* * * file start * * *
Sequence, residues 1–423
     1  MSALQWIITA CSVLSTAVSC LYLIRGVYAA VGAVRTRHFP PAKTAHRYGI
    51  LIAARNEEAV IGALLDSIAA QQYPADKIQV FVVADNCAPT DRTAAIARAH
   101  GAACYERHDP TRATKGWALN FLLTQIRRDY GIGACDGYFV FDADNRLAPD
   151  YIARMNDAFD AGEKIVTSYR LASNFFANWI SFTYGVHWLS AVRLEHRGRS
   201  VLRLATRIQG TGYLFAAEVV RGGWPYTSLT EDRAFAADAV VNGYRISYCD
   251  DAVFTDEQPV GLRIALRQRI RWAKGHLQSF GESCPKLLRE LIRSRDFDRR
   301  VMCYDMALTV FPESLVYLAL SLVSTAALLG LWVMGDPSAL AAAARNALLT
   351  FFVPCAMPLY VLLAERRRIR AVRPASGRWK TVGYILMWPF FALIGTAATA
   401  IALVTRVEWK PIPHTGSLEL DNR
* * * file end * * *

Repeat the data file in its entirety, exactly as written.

Sequence, residues 1–423
     1  MSALQWIITA CSVLSTAVSC LYLIRGVYAA VGAVRTRHFP PAKTAHRYGI
    51  LIAARNEEAV IGALLDSIAA QQYPADKIQV FVVADNCAPT DRTAAIARAH
   101  GAACYERHDP TRATKGWALN FLLTQIRRDY GIGACDGYFV FDADNRLAPD
   151  YIARMNDAFD AGEKIVTSYR LASNFFANWI SFTYGVHWLS AVRLEHRGRS
   201  VLRLATRIQG TGYLFAAEVV RGGWPYTSLT EDRAFAADAV VNGYRISYCD
   251  DAVFTDEQPV GLRIALRQRI RWAKGHLQSF GESCPKLLRE LIRSRDFDRR
   301  VMCYDMALTV FPESLVYLAL SLVSTAALLG LWVMGDPSAL AAAARNALLT
   351  FFVPCAMPLY VLLAERRRIR AVRPASGRWK TVGYILMWPF FALIGTAATA
   401  IALVTRVEWK PIPHTGSLEL DNR